The Man Who Knew Too Much ’34: The runt of the litter

I have nothing against pre-Hollywood Hitchcock. I quite enjoyed The Thirty-Nine Steps and The Lady Vanishes. But somehow this one came out as limp and thin to me. There’s a lot unexplained around the edges and no satisfactory plot to follow, and, quite frankly, the cinematography is pretty terrible: the camerawork is uninspired and the cuts awkward. But it’s his early work, so allowances must be made, particularly as this one was apparently remade as a much superior film, which I look forward to seeing.

See also: IMDB, Wikipedia.

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Lilo and Stitch: Island people and island non-people

She’s an open-source bootloader, he’s a fiber-artist. No, not really, but the actual film’s only marginally less weird. It’s rather surprising as far as Disney offerings are concerned: the animation style is a lot less angular than a fair amount of what they’d done this century, and there is mercifully little original music, preferring to lift the entire soundtrack from Elvis. It’s more edgy and less insulting to the intelligence than the average Disney animated feature, so all in all, it’s pretty good if not something I’d go out of my way to re-experience.

See also: IMDB, Wikipedia

紅の豚 (Porco Rosso): Color-by-numbers Miyazaki

One can count on Miyazaki films for a lot of things. They’re very good. They’re voice-acted well in whatever language (ignoring, for the moment, the unfortunate 1986 stateside release of Warriors of the Wind). They have spunky teenage girls who fly and are an inspiration to all (er, except Tonari no Totoro, where the children were pre-teen). One can count on them to be warm and fuzzy without being saccharine, and for the most part it seems like Hayao Miyazaki just has a big bag of awesome that he keeps pulling things out of.

I’m thus reluctant to criticize Porco Rosso. It has all those inimitably wonderful Miyazaki touches, with the beautiful art and the good acting and the delightful characters. But somehow it all seems a bit shallow here: it’s extremely weak in plot and character-development. There are great characters, but they don’t really develop at all. There’s a great opportunity for a fall-and-redemption narrative involving Marco which is done as limply as possible — we’re barely told of his failure, and his redemption just seems sort of irrelevant. Nobody and nothing really changes, which would be OK if this were a film playing on that sort of staticity, but it’s not.

See also: IMDB, Wikipedia, Anime News Network, AniDB.

Taxi Driver: Make me wanna kill people

The only real connection I had to this film, having never seen it and being a child of the 80’s, was that it induced John W. Hinckley, Jr. to shoot Ronald Reagan. I can sort of see why. This film is very bad medicide for the mentally ill. Masterful work, dark, disturbing, disturbed, and superlatively twisted. I’m medium-sane and have better ways to work out my antipathy towards elected officials and/or impress actresses. Robert De Niro is a surprisingly effective lunatic, but that’s not surprising. He’s a freaky scary guy no matter what role he’s in.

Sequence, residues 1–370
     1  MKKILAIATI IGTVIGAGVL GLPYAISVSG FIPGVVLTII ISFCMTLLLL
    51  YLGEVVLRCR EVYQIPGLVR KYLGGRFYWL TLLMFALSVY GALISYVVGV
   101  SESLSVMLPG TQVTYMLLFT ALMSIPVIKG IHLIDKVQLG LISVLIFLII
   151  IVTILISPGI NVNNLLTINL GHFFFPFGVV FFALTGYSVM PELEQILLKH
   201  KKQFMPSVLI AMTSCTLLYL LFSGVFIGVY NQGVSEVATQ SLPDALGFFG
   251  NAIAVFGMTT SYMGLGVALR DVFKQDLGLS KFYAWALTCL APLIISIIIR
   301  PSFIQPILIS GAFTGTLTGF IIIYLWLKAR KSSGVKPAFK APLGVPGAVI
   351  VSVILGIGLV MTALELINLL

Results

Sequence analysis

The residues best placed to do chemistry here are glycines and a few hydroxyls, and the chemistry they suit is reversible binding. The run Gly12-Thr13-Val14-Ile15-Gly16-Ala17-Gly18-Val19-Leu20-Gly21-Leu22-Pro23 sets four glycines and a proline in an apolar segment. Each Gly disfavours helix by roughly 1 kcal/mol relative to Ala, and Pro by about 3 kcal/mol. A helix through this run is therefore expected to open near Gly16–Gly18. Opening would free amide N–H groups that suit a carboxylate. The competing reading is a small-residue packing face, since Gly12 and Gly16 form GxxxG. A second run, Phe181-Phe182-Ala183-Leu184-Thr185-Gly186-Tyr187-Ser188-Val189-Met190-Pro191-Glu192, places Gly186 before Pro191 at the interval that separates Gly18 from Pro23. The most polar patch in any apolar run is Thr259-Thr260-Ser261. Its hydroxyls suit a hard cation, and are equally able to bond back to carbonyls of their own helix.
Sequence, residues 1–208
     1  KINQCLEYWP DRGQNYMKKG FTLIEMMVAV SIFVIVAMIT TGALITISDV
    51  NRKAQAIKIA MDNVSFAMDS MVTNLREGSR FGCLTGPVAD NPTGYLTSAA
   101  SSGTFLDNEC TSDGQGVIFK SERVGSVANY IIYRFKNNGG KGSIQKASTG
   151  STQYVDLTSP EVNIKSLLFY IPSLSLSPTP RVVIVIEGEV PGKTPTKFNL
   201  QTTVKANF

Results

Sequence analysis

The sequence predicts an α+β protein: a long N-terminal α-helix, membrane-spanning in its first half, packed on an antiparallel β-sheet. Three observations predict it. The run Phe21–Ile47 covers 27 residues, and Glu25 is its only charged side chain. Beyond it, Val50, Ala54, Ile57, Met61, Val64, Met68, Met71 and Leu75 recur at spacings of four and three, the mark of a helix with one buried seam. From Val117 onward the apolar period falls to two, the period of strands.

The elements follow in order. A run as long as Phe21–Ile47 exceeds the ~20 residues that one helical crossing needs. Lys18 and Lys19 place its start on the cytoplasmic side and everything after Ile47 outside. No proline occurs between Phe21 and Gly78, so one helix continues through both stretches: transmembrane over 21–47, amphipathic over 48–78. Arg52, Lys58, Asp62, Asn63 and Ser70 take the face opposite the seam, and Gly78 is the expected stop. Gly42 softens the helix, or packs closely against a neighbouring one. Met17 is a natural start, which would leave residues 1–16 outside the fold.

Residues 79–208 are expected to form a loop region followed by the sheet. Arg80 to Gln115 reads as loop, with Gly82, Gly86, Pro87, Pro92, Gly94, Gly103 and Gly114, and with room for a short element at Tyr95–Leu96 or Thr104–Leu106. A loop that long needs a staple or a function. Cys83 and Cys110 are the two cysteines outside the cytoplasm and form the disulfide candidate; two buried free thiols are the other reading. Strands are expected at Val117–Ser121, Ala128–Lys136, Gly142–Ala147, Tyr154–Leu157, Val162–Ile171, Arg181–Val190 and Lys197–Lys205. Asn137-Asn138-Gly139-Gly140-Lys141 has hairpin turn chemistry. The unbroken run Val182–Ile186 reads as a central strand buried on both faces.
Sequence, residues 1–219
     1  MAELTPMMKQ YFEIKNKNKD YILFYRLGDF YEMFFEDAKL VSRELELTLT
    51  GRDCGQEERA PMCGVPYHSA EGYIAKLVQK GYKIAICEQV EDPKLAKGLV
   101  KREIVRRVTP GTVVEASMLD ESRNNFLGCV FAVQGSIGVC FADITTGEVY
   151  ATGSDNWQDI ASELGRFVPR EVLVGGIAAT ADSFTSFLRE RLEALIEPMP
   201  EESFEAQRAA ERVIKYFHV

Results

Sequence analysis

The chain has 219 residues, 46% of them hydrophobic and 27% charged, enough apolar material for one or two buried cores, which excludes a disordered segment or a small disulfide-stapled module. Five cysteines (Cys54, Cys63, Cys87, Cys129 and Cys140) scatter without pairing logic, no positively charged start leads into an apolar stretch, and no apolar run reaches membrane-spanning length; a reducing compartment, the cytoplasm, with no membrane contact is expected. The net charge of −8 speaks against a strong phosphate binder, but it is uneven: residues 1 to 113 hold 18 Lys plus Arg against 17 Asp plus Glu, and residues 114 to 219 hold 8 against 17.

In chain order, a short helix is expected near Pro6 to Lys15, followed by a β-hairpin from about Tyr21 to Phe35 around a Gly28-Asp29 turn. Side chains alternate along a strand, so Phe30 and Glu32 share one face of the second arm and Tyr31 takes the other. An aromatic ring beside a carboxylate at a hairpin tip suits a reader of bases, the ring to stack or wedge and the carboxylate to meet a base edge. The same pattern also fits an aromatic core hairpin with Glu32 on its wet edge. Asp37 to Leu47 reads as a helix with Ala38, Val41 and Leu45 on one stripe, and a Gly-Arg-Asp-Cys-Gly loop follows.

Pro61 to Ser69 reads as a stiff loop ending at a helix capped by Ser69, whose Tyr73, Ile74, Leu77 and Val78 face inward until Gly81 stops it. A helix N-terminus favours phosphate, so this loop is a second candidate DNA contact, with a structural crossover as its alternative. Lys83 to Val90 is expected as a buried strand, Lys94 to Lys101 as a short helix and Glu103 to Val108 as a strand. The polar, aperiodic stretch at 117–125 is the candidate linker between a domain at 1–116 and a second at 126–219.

Side note: it’s unfortunate, but my eyes kept reading every appearance of the candidate’s name, on signs and whatnot, as “Palpatine”. Which would make Travis Bickle Anakin Skywalker. I’d better shut up now, because I’d imagine George Lucas is already planning the scene where Bickle cuts the pimp’s hand off with a light saber. Is nothing sacred?

See also: IMDB, Wikipedia.

Gods and Monsters: Hollywood pleasuring itself

No, really, I’m not gay. And this isn’t a film about homosexuality anyways. It’s a film about the movie industry, to some extent, which means we have that whole self-referential thing going on that directors adore and the movie-watching public tolerates. The two central characters are well-cast in familiar roles: Ian McKellen gets to be dryly British, clever, and a bit raunchy; Brendan Fraser gets to be a dimwittedly honest jock. All in all, it’s not too bad — the highs and lows sort of even out. I don’t like films-about-films, but there are worse things to be fixated on than “Bride of Frankenstein”.

See also: IMDB, Wikipedia.

Trois couleurs, Blanc: I see Poland, I see France

This is the second in a three-film cycle, but apparently they’re sufficiently independent that it can be watched alone. It’s cold and sterile, but perhaps intentionally. Nobody in this story was all that sympathetic, although I guess Karol was sort of supposed to be. Deftly symmetric — nice way to end the story, and moderately humorous, although in a bleak sort of way. But I can dig bleak humor.

See also: IMDB, Wikipedia.

The Powerpuff Girls Movie: Tag!

It’s a movie based on an American animated series. This reasonably lowers expectations, but it’s OK in its way. As I’ve mentioned earlier, the question when basing a movie on a series (especially one without any particular episode-to-episode continuity) is what to use as a plot. Just a thicker slice of the same pie you serve every week, or some divergence from the norm? This one’s at least original, inasmuch as it chooses to go with the origin story. Not much else to say, though — it’s got decent voice actors and animation which is acceptable in the minimal sort of way in which “The Powerpuff Girls” is animated (aside: was this the first American cartoon to be done in a minimal, abstract style? I don’t follow the aesthetics too closely).

See also: IMDB, Wikipedia.